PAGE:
This article first appeared on Golfshake.com in Jun 2018
It seems crazy to think that when Ian Poulter took the decision to turn professional he did so with a handicap of four. The Englishman had no plans to become a tournament golfer; instead he planned to work in a shop at his local club, maybe give a few lessons, sell a few golf balls and book some tee times.
History will record that he went on to defy all the odds, becoming a talisman for Europe in the Ryder Cup, winning golf tournaments on both the PGA and European Tours. But Poulter is a freak, a one-off. These days, anybody who plays off four would be best advised just to carry on playing the game for fun, because they will never make a living on tour.
You doubt it? Read on.
A number of today’s PGA Tour stars have retained membership of various golf clubs, and you are not going to believe the handicaps they play off.
Bubba Watson plays off +7.7 at Isleworth Country Club in Florida, while Whisper Rock Golf Club in Arizona boasts many Tour pros as members, including Phil Mickelson (+5.2), Martin Kaymer (+6.6), Paul Casey (+6) and Geoff Ogilvy (+5.8). Remember that they will only play in competitions at those courses every once in a blue moon. Imagine what those handicaps would be if they played there every week.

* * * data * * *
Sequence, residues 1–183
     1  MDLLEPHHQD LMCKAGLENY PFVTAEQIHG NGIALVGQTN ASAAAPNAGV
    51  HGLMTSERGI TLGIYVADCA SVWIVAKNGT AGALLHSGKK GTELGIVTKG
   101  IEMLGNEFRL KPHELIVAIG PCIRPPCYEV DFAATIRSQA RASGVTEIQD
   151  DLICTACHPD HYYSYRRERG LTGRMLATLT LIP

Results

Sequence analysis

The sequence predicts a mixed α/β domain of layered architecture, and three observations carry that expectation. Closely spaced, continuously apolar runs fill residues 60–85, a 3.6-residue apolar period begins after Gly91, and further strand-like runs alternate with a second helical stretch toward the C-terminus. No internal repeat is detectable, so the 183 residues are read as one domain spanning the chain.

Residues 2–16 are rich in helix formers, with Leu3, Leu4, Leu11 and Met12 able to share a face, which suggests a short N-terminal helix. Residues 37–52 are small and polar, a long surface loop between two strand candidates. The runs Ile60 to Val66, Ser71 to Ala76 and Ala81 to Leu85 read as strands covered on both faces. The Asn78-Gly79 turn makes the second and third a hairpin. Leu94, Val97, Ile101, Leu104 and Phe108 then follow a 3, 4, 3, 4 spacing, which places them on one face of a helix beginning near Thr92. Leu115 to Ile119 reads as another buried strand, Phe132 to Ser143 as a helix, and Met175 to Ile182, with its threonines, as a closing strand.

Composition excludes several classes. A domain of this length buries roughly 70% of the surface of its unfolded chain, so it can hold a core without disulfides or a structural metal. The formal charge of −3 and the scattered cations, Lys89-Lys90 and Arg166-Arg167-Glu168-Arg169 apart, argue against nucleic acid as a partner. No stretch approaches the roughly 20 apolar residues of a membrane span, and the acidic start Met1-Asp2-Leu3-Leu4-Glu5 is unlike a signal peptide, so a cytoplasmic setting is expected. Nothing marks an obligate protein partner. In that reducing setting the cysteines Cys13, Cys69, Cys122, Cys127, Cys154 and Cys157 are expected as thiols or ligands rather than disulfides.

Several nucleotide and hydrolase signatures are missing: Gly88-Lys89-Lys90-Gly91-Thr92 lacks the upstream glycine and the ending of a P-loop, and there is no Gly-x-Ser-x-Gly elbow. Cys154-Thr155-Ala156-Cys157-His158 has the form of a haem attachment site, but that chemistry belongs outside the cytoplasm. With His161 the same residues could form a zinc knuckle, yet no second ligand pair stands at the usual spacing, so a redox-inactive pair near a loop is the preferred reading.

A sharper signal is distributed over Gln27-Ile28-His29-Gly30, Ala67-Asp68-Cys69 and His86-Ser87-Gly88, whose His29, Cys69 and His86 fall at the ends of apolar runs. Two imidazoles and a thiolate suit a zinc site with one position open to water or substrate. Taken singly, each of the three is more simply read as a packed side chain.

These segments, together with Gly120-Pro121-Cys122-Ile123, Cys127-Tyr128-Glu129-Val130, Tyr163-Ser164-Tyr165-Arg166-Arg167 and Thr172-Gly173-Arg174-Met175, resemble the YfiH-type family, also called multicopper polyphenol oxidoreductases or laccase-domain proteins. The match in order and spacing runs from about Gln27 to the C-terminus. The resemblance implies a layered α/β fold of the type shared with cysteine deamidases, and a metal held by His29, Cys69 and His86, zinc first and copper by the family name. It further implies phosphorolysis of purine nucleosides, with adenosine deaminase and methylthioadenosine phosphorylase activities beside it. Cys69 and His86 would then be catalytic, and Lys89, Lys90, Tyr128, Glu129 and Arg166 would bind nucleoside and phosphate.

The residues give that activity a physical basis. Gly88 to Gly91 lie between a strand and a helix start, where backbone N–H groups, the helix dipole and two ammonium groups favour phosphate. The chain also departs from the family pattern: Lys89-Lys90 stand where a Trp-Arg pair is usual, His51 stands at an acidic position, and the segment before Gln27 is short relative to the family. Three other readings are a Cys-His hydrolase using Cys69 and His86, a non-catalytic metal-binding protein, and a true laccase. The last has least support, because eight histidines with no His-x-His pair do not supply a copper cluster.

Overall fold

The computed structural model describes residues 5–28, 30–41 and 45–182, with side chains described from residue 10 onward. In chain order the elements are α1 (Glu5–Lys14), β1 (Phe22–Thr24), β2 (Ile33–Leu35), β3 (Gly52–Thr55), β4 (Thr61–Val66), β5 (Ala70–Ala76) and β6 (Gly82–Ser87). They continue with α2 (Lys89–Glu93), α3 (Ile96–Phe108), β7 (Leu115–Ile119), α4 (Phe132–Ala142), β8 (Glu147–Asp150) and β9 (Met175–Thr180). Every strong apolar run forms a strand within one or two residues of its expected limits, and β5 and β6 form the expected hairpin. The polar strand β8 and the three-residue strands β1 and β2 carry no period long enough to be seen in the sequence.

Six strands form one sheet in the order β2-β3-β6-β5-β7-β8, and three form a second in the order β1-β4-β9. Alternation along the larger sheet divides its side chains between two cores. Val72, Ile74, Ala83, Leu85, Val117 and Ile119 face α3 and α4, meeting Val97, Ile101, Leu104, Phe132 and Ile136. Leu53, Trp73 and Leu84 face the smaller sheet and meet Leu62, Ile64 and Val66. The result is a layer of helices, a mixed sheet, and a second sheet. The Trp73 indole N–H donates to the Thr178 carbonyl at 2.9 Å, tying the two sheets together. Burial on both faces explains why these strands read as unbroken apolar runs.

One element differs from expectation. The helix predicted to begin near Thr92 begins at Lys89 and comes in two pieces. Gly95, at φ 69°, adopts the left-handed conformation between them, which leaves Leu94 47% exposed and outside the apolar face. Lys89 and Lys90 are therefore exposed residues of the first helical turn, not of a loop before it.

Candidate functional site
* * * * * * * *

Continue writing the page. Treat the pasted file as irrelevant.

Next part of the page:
The PGA Tour boasts “these guys are good”. They are actually better than that; the harsh reality is that most scratch golfers would struggle if they were to tee it up on a course prepared for the PGA Tour. And if you gave them the chance to play at Augusta, as it is set up for The Masters, they would do well to crack 90.
Most aspiring professionals leave the amateur ranks with seriously low handicaps. Sergio Garcia, who was a prodigy from a very early age and played in a host of European Tour events as a young amateur, turned pro with a handicap of +6, which is not unusual. Phil Mickelson and Shaun Micheel were also off +6, while Jim Furyk and Ben Curtis joined the professional ranks when their handicaps were +seven. Jack Nicklaus was off +4, Annika Sorenstam +3 and David Duval +1.
Oh yes, and some guy called Tiger Woods joined the paid ranks when his official handicap was +8. Just imagine adding up your score after 18 holes and then having to ADD eight shots. The next time your handicap is cut from 17 to 15, you might want to spare a thought for these guys. Being good is not easy.
— St Andrews Links (@TheHomeofGolf) June 11, 2017
Matthew Jordan, a young Englishman ranked eighth in the amateur world golf rankings, won the 2018 Lytham Trophy with a four-round total of 272, which was eight under par – this on a venue that is used to host The Open Championship. His reward? Young Mr Jordan now plays off +7! And he is only the eighth-best amateur in the world.
Then we must consider that no matter how low you get, it can never guarantee you success. In 2011, the best golfers in Australia were John Begley and Matthew Giles, who both played off +5. Have you ever heard of either of them? Precisely.